Time for a new reference/research resource that has to do with The Internet of Things.
Say hello to the Wolfram Connected Devices Project that launched yesterday.
Today we’re launching the Wolfram Connected Devices Project—whose goal is to work with device manufacturers and the technical community to provide a definitive, curated, source of systematic knowledge about connected devices.
We have a couple of thousand devices (from about 300 companies) included as of today—and we expect this number to grow quite rapidly in the months ahead.
We’re working hard to make the Wolfram Connected Devices Project an important and useful resource in its own right. But in the end our goal is not just to deal with information about devices, but actually be able to connect to the devices, and get data from them—and then do all sorts of things with that data.
Wolfram Also Says:
- To expect new entries/data in the database moving forward.
- The Connected Devices Project data is computable and also accessible via Wolfram|Alpha. Example.
- The project is a part of a long term effort by Wolfram to “inject sophisticated computation and knowledge into everything.” More in this post from November 13, 2013.
On a Related Note…
Smart devices – electronics that connect to other devices or networks, operating interactively and somewhat autonomously – are seeing a surge in consumer interest. Among the survey respondents, 75 percent believe all homes will eventually be equipped with smart technology. Ninety-three percent of the respondents agreed that controlling the home remotely will have a positive impact on the quality of their daily lives. Home security systems, lighting, thermostats, cars, irrigation systems, personal health devices and appliances topped the list of areas for which 25 percent or more of respondents stated that Wi-Fi® connectivity would be a useful feature.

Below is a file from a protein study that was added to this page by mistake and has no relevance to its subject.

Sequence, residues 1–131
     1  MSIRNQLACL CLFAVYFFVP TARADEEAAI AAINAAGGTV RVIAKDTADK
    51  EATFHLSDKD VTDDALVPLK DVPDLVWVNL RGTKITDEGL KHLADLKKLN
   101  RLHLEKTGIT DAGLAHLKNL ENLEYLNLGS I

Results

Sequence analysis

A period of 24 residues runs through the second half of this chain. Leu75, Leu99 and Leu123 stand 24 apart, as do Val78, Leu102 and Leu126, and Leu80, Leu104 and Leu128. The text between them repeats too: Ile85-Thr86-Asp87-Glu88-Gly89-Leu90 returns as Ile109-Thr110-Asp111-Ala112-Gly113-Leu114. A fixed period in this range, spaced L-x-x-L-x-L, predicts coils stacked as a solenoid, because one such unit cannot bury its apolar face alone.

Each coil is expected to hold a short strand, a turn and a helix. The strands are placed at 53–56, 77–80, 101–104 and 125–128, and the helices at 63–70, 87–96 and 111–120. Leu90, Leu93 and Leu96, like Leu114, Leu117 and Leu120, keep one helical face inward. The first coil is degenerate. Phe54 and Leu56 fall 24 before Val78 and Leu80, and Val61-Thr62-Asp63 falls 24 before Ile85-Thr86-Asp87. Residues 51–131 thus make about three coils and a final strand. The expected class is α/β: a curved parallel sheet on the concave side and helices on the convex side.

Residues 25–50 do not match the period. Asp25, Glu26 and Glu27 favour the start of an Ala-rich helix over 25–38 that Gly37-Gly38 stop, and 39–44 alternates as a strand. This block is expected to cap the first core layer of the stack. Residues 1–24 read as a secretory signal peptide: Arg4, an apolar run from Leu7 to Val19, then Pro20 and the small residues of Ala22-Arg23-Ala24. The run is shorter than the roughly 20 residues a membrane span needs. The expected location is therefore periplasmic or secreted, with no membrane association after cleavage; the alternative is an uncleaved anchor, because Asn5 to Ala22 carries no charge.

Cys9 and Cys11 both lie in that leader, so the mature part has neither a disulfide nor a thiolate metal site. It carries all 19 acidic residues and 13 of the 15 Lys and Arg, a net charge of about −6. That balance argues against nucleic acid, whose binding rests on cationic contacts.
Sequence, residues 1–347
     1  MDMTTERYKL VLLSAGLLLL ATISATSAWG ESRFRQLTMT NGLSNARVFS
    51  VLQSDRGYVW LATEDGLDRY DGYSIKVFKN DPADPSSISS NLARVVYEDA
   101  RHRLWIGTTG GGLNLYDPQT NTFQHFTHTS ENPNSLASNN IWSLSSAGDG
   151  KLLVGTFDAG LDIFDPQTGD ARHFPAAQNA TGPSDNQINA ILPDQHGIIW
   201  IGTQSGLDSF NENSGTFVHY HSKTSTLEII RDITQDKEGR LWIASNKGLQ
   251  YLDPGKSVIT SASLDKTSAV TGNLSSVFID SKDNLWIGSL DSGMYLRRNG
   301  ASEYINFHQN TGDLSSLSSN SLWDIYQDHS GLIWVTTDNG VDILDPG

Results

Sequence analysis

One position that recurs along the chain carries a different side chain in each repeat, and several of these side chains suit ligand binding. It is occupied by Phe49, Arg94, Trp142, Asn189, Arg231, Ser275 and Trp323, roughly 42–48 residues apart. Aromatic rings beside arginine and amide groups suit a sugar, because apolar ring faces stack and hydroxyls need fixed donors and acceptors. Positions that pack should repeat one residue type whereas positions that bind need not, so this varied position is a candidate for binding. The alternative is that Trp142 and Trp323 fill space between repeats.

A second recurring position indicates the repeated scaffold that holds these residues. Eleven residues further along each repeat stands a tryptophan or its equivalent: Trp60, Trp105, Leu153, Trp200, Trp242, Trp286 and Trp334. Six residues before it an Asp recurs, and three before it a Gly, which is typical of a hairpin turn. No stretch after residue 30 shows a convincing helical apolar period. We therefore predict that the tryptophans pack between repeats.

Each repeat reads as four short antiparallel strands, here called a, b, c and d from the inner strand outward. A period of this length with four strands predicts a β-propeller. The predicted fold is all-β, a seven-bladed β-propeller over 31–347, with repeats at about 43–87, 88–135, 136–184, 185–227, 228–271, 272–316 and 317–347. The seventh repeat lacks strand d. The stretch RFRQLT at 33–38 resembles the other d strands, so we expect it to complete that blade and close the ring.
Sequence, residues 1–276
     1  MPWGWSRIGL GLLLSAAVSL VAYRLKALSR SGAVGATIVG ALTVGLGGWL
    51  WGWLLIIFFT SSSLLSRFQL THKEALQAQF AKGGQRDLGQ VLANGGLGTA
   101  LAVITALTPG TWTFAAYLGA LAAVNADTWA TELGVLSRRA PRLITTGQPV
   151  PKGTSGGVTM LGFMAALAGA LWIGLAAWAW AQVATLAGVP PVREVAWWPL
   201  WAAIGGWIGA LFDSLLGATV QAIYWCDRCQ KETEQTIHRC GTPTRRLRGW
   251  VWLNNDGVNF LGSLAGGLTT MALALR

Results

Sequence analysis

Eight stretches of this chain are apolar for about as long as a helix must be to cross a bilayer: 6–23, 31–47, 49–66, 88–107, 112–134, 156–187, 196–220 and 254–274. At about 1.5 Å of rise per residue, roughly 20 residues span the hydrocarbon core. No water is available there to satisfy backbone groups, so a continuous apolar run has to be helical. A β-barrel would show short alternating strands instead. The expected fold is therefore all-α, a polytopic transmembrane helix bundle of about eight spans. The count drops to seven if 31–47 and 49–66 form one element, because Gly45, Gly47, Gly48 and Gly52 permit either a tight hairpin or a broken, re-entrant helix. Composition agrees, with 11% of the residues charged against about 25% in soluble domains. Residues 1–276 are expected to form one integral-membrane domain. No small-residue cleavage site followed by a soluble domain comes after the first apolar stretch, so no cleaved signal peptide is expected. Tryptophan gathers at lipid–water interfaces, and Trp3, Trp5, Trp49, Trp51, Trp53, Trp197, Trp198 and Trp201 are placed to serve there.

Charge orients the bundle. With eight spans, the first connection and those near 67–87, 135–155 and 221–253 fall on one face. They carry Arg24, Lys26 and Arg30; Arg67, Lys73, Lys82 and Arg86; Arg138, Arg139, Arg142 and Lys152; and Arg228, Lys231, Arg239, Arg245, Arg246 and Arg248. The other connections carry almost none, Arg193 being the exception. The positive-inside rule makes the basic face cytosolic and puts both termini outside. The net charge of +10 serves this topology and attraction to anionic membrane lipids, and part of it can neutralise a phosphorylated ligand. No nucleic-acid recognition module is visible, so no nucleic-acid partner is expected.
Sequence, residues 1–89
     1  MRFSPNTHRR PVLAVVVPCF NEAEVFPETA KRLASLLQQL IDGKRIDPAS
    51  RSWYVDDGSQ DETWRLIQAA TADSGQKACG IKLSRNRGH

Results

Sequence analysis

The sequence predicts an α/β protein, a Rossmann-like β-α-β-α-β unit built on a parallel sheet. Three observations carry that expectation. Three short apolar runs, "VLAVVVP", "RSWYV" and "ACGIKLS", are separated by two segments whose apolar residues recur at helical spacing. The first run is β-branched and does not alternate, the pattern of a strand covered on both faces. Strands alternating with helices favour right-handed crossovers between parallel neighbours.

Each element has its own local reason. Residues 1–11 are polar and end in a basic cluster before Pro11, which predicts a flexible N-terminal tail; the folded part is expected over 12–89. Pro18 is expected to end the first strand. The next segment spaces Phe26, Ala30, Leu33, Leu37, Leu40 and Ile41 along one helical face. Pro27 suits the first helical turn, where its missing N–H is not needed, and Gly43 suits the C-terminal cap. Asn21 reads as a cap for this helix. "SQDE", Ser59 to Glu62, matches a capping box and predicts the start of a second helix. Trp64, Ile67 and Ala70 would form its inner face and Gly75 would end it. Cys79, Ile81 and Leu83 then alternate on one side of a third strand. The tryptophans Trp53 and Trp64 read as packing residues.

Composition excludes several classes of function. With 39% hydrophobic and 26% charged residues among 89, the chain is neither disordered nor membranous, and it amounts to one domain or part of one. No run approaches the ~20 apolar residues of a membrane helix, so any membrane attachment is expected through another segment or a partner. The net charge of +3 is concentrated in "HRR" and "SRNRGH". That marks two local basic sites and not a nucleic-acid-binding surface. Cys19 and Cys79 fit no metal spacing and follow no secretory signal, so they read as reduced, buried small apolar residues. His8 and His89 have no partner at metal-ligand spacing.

This growing interest comes with a few caveats. Eighty-four percent of consumers cite concerns about integrating smart technologies into their homes – ease of use and compatibility chief among them. A key finding of the study is that consumers want to integrate all their smart devices and appliances in a single home network. Ninety-one percent of consumers are more likely to purchase smart products if they are able to synchronize everything with their existing Wi-Fi network. More than half of respondents already have Wi-Fi enabled household items such as appliances, thermostats or lighting systems.